8 May 2014 High speed microscopy techniques for signaling detection in live cells
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Abstract
Alterations in intracellular cardiomyocyte calcium handling have a key role in initiating and sustaining arrhythmias. Arrhythmogenic calcium leak from sarcoplasmic reticulum (SR) can be attributed to all means by which calcium exits the SR store in an abnormal fashion. Abnormal SR calcium exit maymanifest as intracellular Ca2+ sparks and/or Ca2+ waves. Ca2+ signaling in arrhythmogenesis has been mainly studied in isolated cardiomyocytes and given that the extracellular matrix influences both Ca2+ and membrane potential dynamics in the intact heart and underlies environmentally mediated changes, understanding how Ca2+ and voltage are regulated in the intact heart will represent a tremendous advancement in the understanding of arrhythmogenic mechanisms. Using novel high-speed multiphoton microscopy techinques, such as multispot and random access, we investigated animal models with inherited and acquired arrhythmias to assess the role of Ca2+ and voltage signals as arrhythmia triggers in cell and subcellular components of the intact heart and correlate these with electrophysiology.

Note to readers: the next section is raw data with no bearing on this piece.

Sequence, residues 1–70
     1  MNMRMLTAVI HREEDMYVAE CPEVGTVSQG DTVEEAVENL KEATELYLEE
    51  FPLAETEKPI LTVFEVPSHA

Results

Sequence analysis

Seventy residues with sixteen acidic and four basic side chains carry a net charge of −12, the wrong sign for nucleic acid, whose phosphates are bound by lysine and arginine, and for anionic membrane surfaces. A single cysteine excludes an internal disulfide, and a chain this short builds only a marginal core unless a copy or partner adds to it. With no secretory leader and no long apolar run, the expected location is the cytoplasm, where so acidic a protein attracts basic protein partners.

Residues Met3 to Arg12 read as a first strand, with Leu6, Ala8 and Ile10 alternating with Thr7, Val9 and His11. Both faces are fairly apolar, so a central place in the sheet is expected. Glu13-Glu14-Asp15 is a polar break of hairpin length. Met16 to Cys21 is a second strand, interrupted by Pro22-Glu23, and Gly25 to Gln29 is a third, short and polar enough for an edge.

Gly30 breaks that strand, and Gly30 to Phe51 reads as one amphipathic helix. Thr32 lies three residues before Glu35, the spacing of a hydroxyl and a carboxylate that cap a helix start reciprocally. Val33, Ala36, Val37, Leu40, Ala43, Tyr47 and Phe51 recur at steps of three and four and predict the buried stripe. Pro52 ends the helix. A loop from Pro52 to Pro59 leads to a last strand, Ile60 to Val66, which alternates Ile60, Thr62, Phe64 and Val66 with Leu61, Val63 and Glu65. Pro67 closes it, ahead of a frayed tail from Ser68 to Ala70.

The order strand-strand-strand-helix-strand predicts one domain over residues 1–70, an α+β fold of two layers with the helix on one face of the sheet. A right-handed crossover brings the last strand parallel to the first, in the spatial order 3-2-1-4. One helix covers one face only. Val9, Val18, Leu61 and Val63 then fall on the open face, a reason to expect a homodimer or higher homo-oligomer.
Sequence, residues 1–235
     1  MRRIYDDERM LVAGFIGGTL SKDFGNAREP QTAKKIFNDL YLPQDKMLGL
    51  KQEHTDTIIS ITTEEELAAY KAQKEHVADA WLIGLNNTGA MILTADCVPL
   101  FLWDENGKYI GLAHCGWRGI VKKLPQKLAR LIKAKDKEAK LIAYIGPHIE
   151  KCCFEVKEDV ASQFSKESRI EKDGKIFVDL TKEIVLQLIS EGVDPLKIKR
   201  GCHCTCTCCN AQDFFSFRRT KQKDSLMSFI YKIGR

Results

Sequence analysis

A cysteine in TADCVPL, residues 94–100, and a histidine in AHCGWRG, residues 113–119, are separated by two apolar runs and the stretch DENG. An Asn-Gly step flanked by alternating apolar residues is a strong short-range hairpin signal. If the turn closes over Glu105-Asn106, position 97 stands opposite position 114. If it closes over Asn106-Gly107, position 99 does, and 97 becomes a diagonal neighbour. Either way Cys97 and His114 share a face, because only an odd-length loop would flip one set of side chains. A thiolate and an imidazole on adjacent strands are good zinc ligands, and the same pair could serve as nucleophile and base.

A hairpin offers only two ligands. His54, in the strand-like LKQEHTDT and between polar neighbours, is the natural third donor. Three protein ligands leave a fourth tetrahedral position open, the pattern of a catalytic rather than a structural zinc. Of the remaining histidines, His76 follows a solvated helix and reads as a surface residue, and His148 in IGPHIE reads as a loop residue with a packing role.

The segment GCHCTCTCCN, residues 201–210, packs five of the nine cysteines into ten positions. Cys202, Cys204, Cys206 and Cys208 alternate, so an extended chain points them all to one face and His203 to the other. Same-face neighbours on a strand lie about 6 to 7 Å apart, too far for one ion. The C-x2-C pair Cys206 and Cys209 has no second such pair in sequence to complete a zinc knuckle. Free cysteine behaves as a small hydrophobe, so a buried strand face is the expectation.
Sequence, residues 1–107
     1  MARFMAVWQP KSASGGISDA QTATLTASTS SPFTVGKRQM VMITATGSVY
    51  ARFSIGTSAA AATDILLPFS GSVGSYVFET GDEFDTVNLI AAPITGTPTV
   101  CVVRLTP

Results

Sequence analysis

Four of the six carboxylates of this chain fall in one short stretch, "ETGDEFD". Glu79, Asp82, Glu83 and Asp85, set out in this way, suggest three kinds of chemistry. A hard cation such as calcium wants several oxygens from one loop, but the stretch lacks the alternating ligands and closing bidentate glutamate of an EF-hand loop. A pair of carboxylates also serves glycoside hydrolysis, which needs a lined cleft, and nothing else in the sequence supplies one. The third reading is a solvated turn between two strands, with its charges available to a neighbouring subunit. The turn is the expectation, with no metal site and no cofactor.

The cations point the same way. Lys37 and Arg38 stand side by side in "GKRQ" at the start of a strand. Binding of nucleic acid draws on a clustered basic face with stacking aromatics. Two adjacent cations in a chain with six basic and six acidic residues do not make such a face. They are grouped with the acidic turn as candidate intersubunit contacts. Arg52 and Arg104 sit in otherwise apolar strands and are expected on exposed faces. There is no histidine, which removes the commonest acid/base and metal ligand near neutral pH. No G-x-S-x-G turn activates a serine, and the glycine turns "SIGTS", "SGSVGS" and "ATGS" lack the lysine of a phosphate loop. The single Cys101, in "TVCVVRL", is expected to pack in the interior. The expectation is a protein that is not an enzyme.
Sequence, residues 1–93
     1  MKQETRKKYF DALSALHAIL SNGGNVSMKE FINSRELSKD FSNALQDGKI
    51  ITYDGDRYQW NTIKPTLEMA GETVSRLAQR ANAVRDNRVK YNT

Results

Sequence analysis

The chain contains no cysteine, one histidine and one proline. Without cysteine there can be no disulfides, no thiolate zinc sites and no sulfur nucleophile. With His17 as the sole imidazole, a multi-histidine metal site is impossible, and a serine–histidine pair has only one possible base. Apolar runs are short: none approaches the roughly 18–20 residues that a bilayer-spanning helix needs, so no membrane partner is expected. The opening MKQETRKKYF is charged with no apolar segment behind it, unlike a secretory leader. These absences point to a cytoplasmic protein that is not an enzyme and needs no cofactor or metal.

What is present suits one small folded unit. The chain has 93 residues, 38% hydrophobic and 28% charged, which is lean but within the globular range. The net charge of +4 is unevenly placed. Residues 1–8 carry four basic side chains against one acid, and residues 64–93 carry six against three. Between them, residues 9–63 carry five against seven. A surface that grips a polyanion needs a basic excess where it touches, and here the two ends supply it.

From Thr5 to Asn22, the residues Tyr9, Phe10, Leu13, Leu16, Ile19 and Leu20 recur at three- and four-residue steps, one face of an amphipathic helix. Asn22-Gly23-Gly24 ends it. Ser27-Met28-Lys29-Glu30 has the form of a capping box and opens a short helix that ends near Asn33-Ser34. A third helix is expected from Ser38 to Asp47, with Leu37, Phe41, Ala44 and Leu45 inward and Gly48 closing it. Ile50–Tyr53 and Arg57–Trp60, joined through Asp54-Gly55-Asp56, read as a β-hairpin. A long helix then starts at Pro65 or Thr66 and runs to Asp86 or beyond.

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C. de Mauro, C. A. Cecchetti, D. Alfieri, Giulia Borile, A. Urbani, M. Mongillo, F. S. Pavone, "High speed microscopy techniques for signaling detection in live cells", Proc. SPIE 9129, Biophotonics: Photonic Solutions for Better Health Care IV, 91291J (8 May 2014); doi: 10.1117/12.2052177; https://doi.org/10.1117/12.2052177
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